The end cap 106 fits over the second end 116 of the housing 104 near the explosive fill material 108. The end cap 106 may be comprised of a different material than the housing 104. However, the principles espoused above regarding light weight and substantial decomposition upon ignition of the explosive fill material 108 necessitate that the end cap 106 be constructed of a material similar to that used in constructing the housing 104. As with the housing 104 material, the preferred material for the end cap 106 is a low-density, frangible material. A small hole 124 is formed within the end cap 106 in order to insert the initiating means 110 discussed below.
The initiating means 110 set forth in FIG. 1, is inserted into the small hole 124 within the end cap 106. In this embodiment, the initiating means 110 is an electronic blasting cap. However, any other initiating means such as a fuze initiator, shock initiating device, or detonation cord can be employed. Referring again to FIG. 2, this embodiment of the invention show, an initiating means comprising a cylinder 230 protruding from the end cap 106, a booster 232 inserted into the cylinder 230, a detonator 234 placed over the booster 232, and a blasting cap 236 inserted into the detonator 234.
FIG. 3 shows the embodiment set forth in FIG. 2 mounted on a tripod type mounting device 304. This mounting means 304 allows the device to be placed on the ground and to be aimed at a specific target location wherein the device can be rapidly emplaced and activated from a safe stand-off distance. Other mounting means 304, well known in the art, may be used in order to affix the device to the ground or other stationary objects. In one preferred embodiment, the mounting means 304 comprises low magnetic signature materials.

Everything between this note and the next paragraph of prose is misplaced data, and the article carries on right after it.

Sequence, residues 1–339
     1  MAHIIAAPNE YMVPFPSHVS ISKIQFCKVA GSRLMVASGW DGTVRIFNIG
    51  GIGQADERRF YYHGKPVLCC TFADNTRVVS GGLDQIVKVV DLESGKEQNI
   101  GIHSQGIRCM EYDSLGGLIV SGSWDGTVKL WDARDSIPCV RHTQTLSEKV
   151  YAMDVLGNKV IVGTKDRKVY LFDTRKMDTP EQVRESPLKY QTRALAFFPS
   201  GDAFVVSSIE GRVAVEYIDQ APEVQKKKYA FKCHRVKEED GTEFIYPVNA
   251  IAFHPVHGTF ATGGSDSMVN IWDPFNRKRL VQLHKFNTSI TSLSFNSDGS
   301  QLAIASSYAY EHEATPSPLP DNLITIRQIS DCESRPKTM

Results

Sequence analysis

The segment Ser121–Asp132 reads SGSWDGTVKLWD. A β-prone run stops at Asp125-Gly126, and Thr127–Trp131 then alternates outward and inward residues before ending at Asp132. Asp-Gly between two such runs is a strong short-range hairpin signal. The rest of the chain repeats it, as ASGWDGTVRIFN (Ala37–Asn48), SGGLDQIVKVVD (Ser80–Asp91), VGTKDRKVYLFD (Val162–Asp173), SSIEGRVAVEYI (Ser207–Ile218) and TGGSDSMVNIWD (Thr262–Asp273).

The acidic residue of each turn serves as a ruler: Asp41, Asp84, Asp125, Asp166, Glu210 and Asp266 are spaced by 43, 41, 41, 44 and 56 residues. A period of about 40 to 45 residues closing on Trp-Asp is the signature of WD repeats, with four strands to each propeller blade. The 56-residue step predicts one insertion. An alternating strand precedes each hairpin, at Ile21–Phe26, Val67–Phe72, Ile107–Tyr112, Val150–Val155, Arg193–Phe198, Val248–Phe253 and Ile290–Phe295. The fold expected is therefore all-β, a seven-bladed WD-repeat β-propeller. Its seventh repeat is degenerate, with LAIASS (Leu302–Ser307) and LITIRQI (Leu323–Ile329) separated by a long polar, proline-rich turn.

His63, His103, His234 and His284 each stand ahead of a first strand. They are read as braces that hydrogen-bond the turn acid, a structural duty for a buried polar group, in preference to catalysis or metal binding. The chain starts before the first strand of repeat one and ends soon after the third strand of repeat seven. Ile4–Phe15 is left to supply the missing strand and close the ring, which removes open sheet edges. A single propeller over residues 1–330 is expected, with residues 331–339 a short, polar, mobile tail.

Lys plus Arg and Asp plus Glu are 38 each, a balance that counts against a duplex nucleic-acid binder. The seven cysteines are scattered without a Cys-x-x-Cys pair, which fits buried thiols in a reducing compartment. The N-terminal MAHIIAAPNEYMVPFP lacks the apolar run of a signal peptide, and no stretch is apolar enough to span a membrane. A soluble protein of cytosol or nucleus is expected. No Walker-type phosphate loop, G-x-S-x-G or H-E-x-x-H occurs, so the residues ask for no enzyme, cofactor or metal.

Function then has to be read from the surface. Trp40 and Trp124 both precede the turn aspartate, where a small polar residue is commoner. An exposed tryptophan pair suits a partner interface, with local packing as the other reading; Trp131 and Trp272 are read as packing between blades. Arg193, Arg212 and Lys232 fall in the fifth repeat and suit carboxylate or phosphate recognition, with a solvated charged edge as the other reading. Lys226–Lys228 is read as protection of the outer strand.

Although this invention can be used for numerous purposes, the preferred uses of the invention relate to delivering a low velocity projectile 102 to a specified target. The general method to use the invention is to aim the shock driven projectile device at a specific target and employ the initiating means 110 using conventional demolition materials. The most preferred application of this invention is interrupting the firing train of UXO commonly found after a military action such as on a battlefield, on a test and raining range, or after any other such action. For this application, the shock wave accelerated projectile device is constructed to deliver an approximately 400 gram projectile 102 at low velocities (from about 400 fps to 900 fps) delivering 11.0-24.7 lb.-sec of momentum and 2190-11094 ft-lb, kinetic energy. The shock wave accelerated projectile device is aimed at the physical or explosive linkage within the fuze or the main explosive charge within the UXO and is then initiating means 110 are employed. The projectile 102 disrupts this firing train linkage, making the UXO safer to handle and dispose.
Due to the physical properties inherent in this invention and the way it is used to propel projectiles 102, the housing 104 material is consumed and does not recoil. Also, because of the commercial availability of many of the materials used in constructing the device, it can be constructed in a manner that is sufficiently inexpensive so that the device's single use nature is still economical. What is described is only one of many possible variations on the same invention and is not intended in a limiting sense. The claimed invention can be practiced using other variations not specifically described above.

Claims (15)

What is claimed is:
1. A shock wave accelerated projectile device, comprising:
an open ended tubular housing having a first open end and a second open end;
a projectile having a front and back side, wherein the back side comprises a conical shape having an outward angle, retained within the housing with the front side aligned proximate to the first open end;